Biden's Bishop Will not Permit Him, Even if Elected VP, to Speak at Catholic Schools

In an interview with Bob Krebs, the Communications Director for the Catholic Diocese of Wilmington, to which Senator Joseph Biden belongs, Krebs confirmed that Biden's Bishop will not permit the Senator even if elected Vice President of the United States of America to speak at Catholic schools.

When asked for the Bishop's take on Senator Biden and his stand in favor of abortion, Krebs directed to Bishop Michael Saltarelli's 2004 statement on 'Catholics in Political Life' which, said Krebs, "very plainly states Bishop's position in this matter." In that document Bishop Saltarelli notes that, in line with the US Bishops Conference policy, "Our Catholic institutions will not honor Catholic politicians who take pro-abortion legislative positions or invite them to speak at our functions or schools." called the diocesan communications director a second time to ask if that specific ban on speaking at Catholic schools or Catholic functions would apply to Biden, even if he became the Vice President. Krebs replied, "I would say that as long as Senator Biden's stated position on abortion remains the same then it would apply to Senator Biden whether he was a Senator or the Vice President of any type of public figure."

In the same 2004 document, Bishop Saltarelli singled out Catholic politicians like Biden who claim a personal opposition to abortion but that they could not impose their faith's beliefs on others. Wrote the Bishop: "No one today would accept this statement from any public servant: 'I am personally opposed to human slavery and racism but will not impose my personal conviction in the legislative arena.' Likewise, none of us should accept this statement from any public servant: 'I am personally opposed to abortion but will not impose my personal conviction in the legislative arena.'" In the document, Bishop Saltarelli does not rule out refusing communion to pro-abortion politicians but does say that he much prefers "active engagement and dialogue". He notes that he does not expect priests and others administering communion to withhold it from politicians. "That is ultimately my responsibility," he said.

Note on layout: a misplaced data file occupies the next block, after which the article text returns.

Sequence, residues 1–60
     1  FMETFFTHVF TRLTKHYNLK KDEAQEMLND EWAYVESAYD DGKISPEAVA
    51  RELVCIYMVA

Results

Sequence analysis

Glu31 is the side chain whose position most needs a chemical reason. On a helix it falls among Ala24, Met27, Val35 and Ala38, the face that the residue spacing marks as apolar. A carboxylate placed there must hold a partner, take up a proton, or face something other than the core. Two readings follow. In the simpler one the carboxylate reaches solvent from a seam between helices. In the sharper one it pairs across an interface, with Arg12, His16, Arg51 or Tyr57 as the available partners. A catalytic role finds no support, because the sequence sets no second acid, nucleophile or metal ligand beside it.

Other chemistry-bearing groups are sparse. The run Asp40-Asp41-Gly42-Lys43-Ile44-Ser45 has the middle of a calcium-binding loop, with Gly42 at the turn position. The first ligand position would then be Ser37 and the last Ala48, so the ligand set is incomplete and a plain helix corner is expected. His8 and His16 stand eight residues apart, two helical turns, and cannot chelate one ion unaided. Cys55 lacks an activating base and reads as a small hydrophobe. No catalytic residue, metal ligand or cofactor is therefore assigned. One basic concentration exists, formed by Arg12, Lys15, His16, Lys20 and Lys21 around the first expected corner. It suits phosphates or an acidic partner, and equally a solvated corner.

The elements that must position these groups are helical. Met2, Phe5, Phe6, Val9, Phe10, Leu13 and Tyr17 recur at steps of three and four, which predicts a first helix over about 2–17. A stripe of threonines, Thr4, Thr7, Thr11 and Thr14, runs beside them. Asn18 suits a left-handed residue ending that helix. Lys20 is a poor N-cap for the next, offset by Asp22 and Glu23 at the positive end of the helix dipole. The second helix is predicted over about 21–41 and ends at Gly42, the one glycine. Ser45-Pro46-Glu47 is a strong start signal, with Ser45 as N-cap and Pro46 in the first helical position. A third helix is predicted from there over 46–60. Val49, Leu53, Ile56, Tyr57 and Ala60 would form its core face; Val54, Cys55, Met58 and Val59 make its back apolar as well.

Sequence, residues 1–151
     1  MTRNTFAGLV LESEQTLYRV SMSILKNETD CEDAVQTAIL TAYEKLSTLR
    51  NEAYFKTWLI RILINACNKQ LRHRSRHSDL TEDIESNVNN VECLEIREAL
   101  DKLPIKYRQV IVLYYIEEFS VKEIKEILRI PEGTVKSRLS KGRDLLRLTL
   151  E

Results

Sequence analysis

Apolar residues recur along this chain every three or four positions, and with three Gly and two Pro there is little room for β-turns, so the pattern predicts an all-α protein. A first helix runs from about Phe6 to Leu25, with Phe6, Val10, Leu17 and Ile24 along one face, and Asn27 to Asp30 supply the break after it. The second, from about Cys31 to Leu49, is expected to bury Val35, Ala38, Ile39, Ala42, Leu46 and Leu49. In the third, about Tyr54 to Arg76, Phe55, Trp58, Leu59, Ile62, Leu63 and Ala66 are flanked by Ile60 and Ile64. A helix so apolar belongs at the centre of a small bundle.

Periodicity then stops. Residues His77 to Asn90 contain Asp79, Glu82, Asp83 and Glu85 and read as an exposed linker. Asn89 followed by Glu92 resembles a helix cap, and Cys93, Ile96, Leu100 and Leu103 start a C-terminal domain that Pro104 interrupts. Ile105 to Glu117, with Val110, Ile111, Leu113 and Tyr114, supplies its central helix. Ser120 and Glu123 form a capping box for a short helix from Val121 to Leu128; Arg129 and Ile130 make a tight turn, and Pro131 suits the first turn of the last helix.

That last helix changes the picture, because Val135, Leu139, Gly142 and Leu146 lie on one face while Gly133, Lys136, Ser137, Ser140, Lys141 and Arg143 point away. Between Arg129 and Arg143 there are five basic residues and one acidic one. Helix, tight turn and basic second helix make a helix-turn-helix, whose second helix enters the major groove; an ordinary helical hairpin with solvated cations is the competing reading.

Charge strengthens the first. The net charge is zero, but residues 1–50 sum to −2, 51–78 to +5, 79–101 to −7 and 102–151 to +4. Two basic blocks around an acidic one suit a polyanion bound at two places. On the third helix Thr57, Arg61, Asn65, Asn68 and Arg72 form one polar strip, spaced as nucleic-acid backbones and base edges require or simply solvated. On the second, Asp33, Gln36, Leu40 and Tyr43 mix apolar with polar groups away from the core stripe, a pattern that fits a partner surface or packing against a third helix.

The Associated Press reports that Biden received Communion last Sunday at his local parish of St. Joseph on the Brandywine near his home in Greenville, Delaware. Denver Archbishop Charles Chaput commented to AP that Biden should not present himself for Communion given his public support for abortion. Biden "has admirable qualities to his public service," Chaput said in his statement. "But his record of support for so-called abortion 'rights,' while mixed at times, is seriously wrong. I certainly presume his good will and integrity - and I presume that his integrity will lead him to refrain from presenting himself for Communion, if he supports a false 'right' to abortion."


'Obama plans to disarm U.S.!'

Candidate pledges on YouTube clip to gut military spending, research